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A scenario investigating questions of conformance and scoping

From: Amelia A Lewis <alewis@tibco.com>
Date: Fri, 30 Jan 2004 12:03:01 -0500
To: WS Description List <www-ws-desc@w3.org>
Message-id: <20040130120301.4c4b60d9.alewis@tibco.com>

Heylas,

After the discussion late on Thursday (at the face to face, or in my
case phone to face) on conformance issues (issue 79), I thought that I
would write up this scenario, to raise questions.

It's always the same question: should the WSDL processor proceed,
ignoring irrelevant stuff that it doesn't understand, or should it halt
because there is something in the WSDL that it doesn't understand, or
should it do-something-else when it encounters unknown information that
it does not understand?

In this scenario, we propose that there is a common installed base of
WSDL 2.0 tools, which, like WSDL 1.1 tools, implement the client/server
HTTP-centric SOAP-centric stuff.  That is, they know in-out, in-only,
http binding, soap binding.  Let's say, for the sake of this scenario,
that they ignore any optional extensions or features that they don't
understand.  All this looks good.

I'm not going to write a complete WSDL, but I'm going to summarize it. 
The scenario uses that old chestnut, the stock quote service.  So, there
is an interface that contains one operation, getQuote, which uses
in-out.  There is a soap-over-http binding.  There is a service,
containing an endpoint which uses that binding.

Now, someone has come along and created an email binding.  As it
happens, any email binding must provide a feature of some sort for
in-band message addressing (we won't use a specific existing
specification, but it could be used).  That feature/policy/functionality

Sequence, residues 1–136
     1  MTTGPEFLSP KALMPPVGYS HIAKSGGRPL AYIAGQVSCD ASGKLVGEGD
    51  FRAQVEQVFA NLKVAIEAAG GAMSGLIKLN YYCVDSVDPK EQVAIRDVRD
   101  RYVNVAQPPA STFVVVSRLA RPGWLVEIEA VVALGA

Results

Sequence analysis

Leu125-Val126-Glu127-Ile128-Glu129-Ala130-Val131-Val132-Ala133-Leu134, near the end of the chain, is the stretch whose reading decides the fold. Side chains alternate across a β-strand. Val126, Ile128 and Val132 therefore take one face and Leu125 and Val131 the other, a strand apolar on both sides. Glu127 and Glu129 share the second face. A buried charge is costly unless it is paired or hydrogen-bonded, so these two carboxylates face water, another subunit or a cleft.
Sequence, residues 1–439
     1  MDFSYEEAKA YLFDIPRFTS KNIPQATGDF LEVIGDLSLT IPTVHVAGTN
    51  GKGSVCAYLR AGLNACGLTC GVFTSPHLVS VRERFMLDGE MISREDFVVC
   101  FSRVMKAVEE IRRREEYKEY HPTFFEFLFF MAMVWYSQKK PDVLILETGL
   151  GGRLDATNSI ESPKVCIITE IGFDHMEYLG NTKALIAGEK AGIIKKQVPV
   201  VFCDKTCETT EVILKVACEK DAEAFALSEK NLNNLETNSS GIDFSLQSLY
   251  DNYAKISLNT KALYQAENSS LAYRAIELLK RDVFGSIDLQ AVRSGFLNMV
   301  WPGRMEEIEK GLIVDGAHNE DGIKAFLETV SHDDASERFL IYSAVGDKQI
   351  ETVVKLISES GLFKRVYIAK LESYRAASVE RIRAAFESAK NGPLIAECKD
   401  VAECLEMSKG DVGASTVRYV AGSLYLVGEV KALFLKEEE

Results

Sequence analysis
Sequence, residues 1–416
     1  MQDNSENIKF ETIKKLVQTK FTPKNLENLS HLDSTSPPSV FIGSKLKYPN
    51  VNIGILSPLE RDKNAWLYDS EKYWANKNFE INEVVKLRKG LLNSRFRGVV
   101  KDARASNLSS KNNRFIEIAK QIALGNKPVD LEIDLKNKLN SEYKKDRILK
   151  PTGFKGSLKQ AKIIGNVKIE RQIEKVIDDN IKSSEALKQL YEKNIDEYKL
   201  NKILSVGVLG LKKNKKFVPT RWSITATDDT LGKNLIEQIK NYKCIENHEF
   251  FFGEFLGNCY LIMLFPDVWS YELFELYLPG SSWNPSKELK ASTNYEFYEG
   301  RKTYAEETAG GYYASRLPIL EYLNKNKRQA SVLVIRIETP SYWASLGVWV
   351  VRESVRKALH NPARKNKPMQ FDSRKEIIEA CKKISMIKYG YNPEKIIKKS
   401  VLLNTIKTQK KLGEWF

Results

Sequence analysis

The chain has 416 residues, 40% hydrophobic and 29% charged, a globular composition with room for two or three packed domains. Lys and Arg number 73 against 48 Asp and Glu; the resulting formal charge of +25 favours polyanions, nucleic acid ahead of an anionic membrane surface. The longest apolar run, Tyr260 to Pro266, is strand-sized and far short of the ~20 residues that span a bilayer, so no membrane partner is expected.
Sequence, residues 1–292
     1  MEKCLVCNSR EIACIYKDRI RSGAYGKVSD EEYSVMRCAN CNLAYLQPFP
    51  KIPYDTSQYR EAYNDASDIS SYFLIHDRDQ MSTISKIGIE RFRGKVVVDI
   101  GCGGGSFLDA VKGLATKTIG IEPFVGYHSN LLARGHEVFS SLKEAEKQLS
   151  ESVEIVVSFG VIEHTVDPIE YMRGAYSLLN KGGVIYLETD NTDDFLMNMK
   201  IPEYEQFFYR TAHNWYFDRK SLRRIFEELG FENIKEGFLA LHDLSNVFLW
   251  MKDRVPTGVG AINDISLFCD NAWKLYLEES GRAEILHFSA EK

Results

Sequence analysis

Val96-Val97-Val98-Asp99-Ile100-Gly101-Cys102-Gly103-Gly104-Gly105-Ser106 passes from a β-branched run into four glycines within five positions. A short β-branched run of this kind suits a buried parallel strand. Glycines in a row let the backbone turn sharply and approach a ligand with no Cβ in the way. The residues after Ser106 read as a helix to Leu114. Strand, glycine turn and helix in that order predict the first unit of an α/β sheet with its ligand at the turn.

is required for any email binding.  As it happens, the service owners
decide, initially, to use MEPs that they consider better-fitted to
email, so they create a second interface, which contains getStockQuote
defined as in-optional-out.  The email binding binds this new interface.
 It contains the required in-band addressing
feature/policy/functionality.  Since a new interface had to be created,
a new service is created, and an endpoint pointing at soap-over-email is
created.

Okay so far?  Two interfaces, two bindings, two services.  One is the
"common case" using soap over http, the other uses the soap over email
extension.

Now, I have a client, and I grab the WSDL, and I start looking at it. 
My client is a common-case client; it doesn't know about the soap over
email binding or the in-optional-out MEP or the in-band addressing
feature.

Now, about half of this WSDL is stuff that my processor doesn't support.
 Can I use the WSDL at all?

Suppose that I grabbed the WSDL once before the addition of the second
service, and used it successfully.  Now there's a new service, with
stuff I don't care about, but I should still be able to use it,
shouldn't I?  If I'm going to use the soap-over-http endpoint, and